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I caught up with the delivery skipper and another crew member at Auckland's West Harbour marina the next day. There was a buzz of activity aboard the H28 'Kakahi'. The Australian owner had recently purchased 'Kakahi' and she had been given a complete 'birthday' with new rigging, sails, refrigeration, interior lining, teak rails, and paintwork plus an overhaul of the 20 hp Yanmar engine.

'Kakahi' was looking particularly tidy and being familiar with the extensive pedigree of the H28 for ranging about the globe I had no hesitation signing up for the delivery trip to Sydney.
Departure by the weekend appeared unlikely as the 'short' list of things to prepare 'Kakahi' for her first offshore trip continued to grow. By the end of the following week the consensus was that we would fine tune last minute details in the Bay of Islands and clear customs from Opua. A high pressure system was advancing across the Tasman with moderate to strong south-westerlies looking promising for North bound travel. The debate was 'do we watch the All Black/France test at the Opua Cruising Club or Auckland'.

Auckland won the day which was more than could be said for the All Blacks. Sunday morning dawned with squally SW breezes and frequent showers. An early call to confirm our schedule delivered the news that our third man had pulled out. We decided to head up to Opua anyway. We were keen to give 'Kakahi' a shakedown in the blustery conditions and it gave us an opportunity to assess if we would do the trip double-handed. The fallback was to pick up a third crew member in Opua.

10.30 am and we cast off for a fast reach down the Waitemata. We scorched our way North; 'Kakahi' revelled in the solid 30 knot breeze on the stern quarter. Dusk was falling as we cleared Kawau Island and we started to master the newly installed GPS/plotter. It was fantastic clipping along under a starry night-sky, getting re-acquainted with the familiar sounds. The breeze stayed with us all night and dawn saw us round Cape Brett. We lost the wind in the lee of the headlands and motor sailed up to the Opua marina.

The next 48 hours were somewhat frustrating as we attended to last minute details that could have been addressed from the convenience of our base in Auckland. Meanwhile the SW breeze was pumping and conditions in the Tasman looked ideal with a huge high pressure system dominating and another high over south/central Australia. We agreed that the pair of us were more than capable of handling the yacht and the excellent weather forecast offset any benefits to be gained by hunting down a third crew member. We were efficiently processed by Opua Customs to leave after one more cup of coffee for the road; getting away at 10.30 on the 17th of June. 'Kakahi' was low in the water, loaded with provisions for 3 crew for at least 20 days, some 200 litres of diesel and an extra 80 litres of water in addition to the main water tank.

We got a few hours of good sailing in before the breeze started to drop away and nightfall saw us motoring determinedly to time our arrival off North Cape at dawn the next day. The lights on land were few and far between so that the loom of Kaitaia on the west coast started to look like those of a thriving metropolis in the empty dark sky. Whilst we were experiencing light fickle wind Coastguard's excellent 'NowCasting' service was consistently reporting SSW breezes averaging in excess of 30 knots at Cape Reinga.

North Cape emerged at dawn under a heavily overcast sky. Conditions started to get interesting as the breeze cranked up and we had a confused 3 to 4m swell/chop to deal with. We made good progress with a double-reefed main and well furled headsail. We gave the Three Kings a wide berth and by nightfall the Three Kings light was some 20 miles behind.
The seas settled down overnight as we cleared the massive range of depths from the ridges, canyons and sea mounts north of New Zealand. The breeze became light and variable during the course of the next day. We were soon motor sailing, enjoying lashings of bacon and eggs on flat seas under partly cloudy skies.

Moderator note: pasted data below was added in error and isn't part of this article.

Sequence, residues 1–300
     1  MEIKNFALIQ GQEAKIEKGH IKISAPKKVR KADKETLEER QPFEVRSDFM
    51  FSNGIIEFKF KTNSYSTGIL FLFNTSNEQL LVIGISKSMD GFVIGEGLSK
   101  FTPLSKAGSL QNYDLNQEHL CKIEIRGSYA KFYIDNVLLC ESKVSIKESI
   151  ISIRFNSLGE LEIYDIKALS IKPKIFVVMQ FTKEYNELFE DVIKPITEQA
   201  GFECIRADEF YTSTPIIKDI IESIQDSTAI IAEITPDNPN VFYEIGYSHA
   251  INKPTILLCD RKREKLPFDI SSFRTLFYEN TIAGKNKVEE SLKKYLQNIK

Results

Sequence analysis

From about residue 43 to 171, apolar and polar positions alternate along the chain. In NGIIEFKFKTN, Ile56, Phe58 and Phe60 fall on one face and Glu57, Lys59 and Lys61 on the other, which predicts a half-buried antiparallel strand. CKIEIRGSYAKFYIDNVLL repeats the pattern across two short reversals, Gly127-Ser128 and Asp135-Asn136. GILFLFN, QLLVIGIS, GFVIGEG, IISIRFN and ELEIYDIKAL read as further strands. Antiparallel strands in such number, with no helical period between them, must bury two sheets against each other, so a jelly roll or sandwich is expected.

The only concern that cropped up was the water in the main tank appeared to run out - a mere two days out at sea! We had been quite casual in our use of water - rinsing after washing up - and had never measured the capacity of the tank with any degree of accuracy. Water rationing promptly ensued from the first 20 litre water bottle.

Water rationing continued over the next couple of days by which time we were happy with the level of reserves. We settled into a casual watch routine; usually rotating every 3 hours. The breeze moved more easterly as we rode the top of the high pressure system and we made excellent progress sailing wing-on-wing. A preventer was set up on the main which was fine when it was daylight but got a bit hairy in the dark and was abandoned after a number of crash-jibes. There was plenty of sunshine and at one stage we hit over 10 knots as measured across the ground by the GPS when surfing 'Kakahi' on large swells.
The winter solstice passed uneventfully. We were receiving weather updates from a variety of sources by way of text messages to a Sat-phone. Whilst it was good to receive the updates there was an intrusive element with the connection to the rest of the world- not the 'get away from it all' I normally associate with ocean sailing. The Sat-phone was also somewhat cumbersome and lacked some of the functionality one gets used to with an ordinary cell-phone. On the 22 June one of our weather contacts suggested we get plenty of rest in anticipation of 30 odd knots expected to hit us the following evening. This was not backed up by our other three contacts and we sailed blissfully on, with a wary eye out nonetheless.

23 June was the seventh day at sea and we were blasting along; two reefs in the main, a third of the headsail unfurled. 'Kakahi' was coping well with seas on the stern quarter, a dry cockpit, cosy cabin and the crew well rested. All but for 'George' the auto-helm who was doing a sterling job. The breeze continued to freshen, moving to the North. We shook out one reef in warm conditions with signs of a frontal system in the cloud patterns. The second reef was back in again by mid-afternoon and the odd green wave landed a bucket of water in the cockpit.

By night-fall we were zooming along with only 400 miles to go to Sydney. There was a discussion about the amount of mainsail on the change of watch at 22.00. The mainsail was limited to two reefs and the next step would have been to hoist the storm trisail which would involve clearing the main off the mast track. The decision was made to run with it, despite copping some big hits from the mounting swells - we were making such excellent progress.